Overall, the results of the second study taken alone were insufficient to demonstrate a benefit of Osseor in preventing bone breaks. However, when looking only at women of 74 years of age or older with particularly weak thighbones, the results suggested a reduction of the risk of breaks in the hip with Osseor.
When looking at results of the two studies taken together, fewer women in the Osseor group developed breaks at any site outside the spine (including the hip) than in the placebo group (331 out of 3,295 with Osseor compared with 389 out of 3,256 for placebo). This showed that the risk of broken bones is reduced.
In the study in male patients, the bone density in the lower part of the spine increased by 7% after one year of treatment in patients taking Osseor, compared with an increase of 1.7% in patients taking placebo.
What is the risk associated with Osseor?
The most common side effects with Osseor (which may affect more than 1 in 10 people) are hypersensitivity (allergic) skin reactions (rash, itching, urticaria or itchy rash, and swelling beneath the
skin known as angioedema) and pain affecting muscles, bones and joints. For the full list of all side effects reported with Osseor, see the package leaflet.
Osseor must not be used in patients who have or have had venous thromboembolic events (problems due to the formation of blood clots in the veins, such as in the legs or lungs). It must not be used in people who are temporarily or permanently immobilised, such as people on bed rest or recovering from surgery.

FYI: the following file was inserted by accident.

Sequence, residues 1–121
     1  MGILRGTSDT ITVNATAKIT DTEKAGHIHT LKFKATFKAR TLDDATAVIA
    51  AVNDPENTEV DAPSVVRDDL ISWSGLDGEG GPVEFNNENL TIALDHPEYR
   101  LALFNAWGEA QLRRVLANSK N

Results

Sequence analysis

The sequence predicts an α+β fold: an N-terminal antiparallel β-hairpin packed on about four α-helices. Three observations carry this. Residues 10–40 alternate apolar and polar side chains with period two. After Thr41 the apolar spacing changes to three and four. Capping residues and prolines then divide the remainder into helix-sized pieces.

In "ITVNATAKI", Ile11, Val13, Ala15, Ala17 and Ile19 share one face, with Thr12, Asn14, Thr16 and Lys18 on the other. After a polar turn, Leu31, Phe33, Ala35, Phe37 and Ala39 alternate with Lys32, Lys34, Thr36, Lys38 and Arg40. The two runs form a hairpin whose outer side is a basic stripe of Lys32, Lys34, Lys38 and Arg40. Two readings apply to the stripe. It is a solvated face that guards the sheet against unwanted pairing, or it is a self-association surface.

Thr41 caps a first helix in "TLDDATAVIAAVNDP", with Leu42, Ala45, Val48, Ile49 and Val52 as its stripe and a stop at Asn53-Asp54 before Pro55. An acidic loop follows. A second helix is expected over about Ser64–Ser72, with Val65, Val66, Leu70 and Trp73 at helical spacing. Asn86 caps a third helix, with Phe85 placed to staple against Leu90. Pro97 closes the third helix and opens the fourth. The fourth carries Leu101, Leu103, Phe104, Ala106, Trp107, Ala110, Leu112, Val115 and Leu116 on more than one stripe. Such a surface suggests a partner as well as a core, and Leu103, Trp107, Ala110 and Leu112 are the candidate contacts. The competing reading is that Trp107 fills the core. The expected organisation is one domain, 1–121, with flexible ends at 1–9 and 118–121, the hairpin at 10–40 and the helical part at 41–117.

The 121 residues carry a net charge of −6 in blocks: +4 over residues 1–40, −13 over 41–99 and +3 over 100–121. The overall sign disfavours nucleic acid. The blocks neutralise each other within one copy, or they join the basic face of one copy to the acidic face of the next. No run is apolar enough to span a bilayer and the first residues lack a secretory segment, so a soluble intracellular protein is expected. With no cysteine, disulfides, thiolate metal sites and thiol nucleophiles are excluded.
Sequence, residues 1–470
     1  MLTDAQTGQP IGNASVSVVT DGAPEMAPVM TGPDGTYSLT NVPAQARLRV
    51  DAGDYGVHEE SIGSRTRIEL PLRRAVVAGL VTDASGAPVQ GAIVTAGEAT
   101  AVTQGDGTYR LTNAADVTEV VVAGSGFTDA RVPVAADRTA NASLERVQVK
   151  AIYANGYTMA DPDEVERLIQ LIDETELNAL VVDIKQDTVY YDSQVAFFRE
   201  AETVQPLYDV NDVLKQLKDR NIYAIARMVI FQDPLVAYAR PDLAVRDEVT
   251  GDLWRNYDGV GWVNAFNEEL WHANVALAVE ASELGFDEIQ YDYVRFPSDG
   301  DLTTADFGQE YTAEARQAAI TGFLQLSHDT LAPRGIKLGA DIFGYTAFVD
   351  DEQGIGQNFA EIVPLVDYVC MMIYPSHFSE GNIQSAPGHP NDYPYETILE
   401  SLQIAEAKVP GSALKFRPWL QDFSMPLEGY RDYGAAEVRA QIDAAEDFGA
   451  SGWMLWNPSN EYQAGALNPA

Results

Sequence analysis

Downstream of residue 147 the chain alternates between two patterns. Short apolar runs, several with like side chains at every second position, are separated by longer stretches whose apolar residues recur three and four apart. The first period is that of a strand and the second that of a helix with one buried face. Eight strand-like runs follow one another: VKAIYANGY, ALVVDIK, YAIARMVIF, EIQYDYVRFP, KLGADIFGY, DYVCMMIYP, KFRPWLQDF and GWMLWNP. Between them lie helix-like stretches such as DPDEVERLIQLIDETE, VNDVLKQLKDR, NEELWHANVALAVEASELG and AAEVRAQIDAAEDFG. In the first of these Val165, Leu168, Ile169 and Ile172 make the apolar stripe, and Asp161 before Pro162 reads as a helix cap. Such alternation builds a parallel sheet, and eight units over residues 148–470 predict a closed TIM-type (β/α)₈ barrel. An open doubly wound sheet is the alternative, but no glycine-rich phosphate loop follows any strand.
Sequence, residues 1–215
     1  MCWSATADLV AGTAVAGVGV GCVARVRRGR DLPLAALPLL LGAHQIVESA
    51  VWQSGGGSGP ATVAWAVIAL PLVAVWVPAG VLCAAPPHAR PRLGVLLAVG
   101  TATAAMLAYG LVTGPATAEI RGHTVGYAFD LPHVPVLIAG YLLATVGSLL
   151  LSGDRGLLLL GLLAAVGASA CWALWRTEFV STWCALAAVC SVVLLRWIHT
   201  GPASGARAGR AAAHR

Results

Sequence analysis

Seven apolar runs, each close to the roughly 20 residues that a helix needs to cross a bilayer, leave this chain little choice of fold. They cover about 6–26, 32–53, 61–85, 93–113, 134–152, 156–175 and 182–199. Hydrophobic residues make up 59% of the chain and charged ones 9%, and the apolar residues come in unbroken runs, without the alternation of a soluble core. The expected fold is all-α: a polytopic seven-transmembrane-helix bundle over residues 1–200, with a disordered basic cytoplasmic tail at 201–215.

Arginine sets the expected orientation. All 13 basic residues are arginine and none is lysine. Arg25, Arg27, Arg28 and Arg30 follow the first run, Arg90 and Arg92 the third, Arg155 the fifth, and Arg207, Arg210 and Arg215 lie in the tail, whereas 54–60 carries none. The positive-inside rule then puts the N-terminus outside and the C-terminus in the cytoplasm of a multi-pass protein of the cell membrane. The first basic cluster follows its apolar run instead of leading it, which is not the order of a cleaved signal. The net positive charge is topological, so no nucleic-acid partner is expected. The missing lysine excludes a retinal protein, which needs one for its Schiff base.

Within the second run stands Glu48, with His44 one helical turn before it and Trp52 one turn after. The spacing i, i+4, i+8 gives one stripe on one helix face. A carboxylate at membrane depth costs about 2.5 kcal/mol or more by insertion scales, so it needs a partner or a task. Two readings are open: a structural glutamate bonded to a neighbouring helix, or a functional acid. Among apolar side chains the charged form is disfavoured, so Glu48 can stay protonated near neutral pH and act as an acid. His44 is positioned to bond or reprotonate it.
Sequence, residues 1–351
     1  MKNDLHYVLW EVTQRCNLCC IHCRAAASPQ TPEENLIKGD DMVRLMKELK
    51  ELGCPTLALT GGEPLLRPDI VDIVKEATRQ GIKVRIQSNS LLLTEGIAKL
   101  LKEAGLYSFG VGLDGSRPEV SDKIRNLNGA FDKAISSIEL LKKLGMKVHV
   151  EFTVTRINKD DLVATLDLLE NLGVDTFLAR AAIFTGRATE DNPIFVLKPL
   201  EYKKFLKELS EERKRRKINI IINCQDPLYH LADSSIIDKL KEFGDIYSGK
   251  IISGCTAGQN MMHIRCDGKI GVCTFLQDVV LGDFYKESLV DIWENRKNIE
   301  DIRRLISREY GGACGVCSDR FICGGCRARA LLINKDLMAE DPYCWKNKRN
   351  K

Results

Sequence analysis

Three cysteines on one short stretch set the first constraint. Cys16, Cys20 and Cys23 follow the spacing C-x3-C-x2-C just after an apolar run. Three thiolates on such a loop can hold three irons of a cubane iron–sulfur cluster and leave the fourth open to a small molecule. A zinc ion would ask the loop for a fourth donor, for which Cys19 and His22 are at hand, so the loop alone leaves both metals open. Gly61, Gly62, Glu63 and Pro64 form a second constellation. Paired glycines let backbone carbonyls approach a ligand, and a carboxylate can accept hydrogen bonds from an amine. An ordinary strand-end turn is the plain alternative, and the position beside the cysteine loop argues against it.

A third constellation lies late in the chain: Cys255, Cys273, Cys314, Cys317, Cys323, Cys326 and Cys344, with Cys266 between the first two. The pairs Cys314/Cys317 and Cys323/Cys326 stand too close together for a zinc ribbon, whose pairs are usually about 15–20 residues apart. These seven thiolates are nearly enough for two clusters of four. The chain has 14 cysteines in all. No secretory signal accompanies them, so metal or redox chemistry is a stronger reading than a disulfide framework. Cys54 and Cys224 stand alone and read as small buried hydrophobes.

In order to reduce the risk of heart attack, Osseor must also not be used in patients with high blood pressure that is not properly controlled or in patients with a current or past history of any of the following:
•ischaemic heart disease (such as angina or a heart attack);
- Protelos - M05BX03
Prescription drugs listed. ATC Code: "M05BX03"
•peripheral arterial disease (obstruction of the blood flow in the arteries, usually in the legs);
•cerebrovascular disease (diseases affecting the blood vessels in the brain, such as stroke). For the full list of restrictions, see the package leaflet.
Why has Osseor been approved?
The CHMP decided that Osseor’s benefits are greater than its risks and recommended that it be given marketing authorisation.
What measures are being taken to ensure the safe and effective use of Osseor?
A risk management plan has been developed to ensure that Osseor is used as safely as possible. Based on this plan, safety information has been included in the summary of product characteristics and the package leaflet for Osseor, including the appropriate precautions to be followed by healthcare professionals and patients.
In addition, education materials are sent to patients and healthcare professionals prescribing Osseor reminding them of the risk of heart and circulatory problems with the medicine and of the need for regular monitoring. These materials will also remind doctors of the approved used of the medicine.
The company will also carry out a study to evaluate the effectiveness of the measures that have been put in place to reduce risk of heart and circulatory problems.
Other information about Osseor
The European Commission granted a marketing authorisation valid throughout the European Union for Osseor on 21 September 2004.
The full EPAR for Osseor can be found on the Agency’s website: ema.europa.eu/Find medicine/Human medicines/European public assessment reports. For more information about treatment with Osseor, read the package leaflet (also part of the EPAR) or contact your doctor or pharmacist.
This summary was last updated in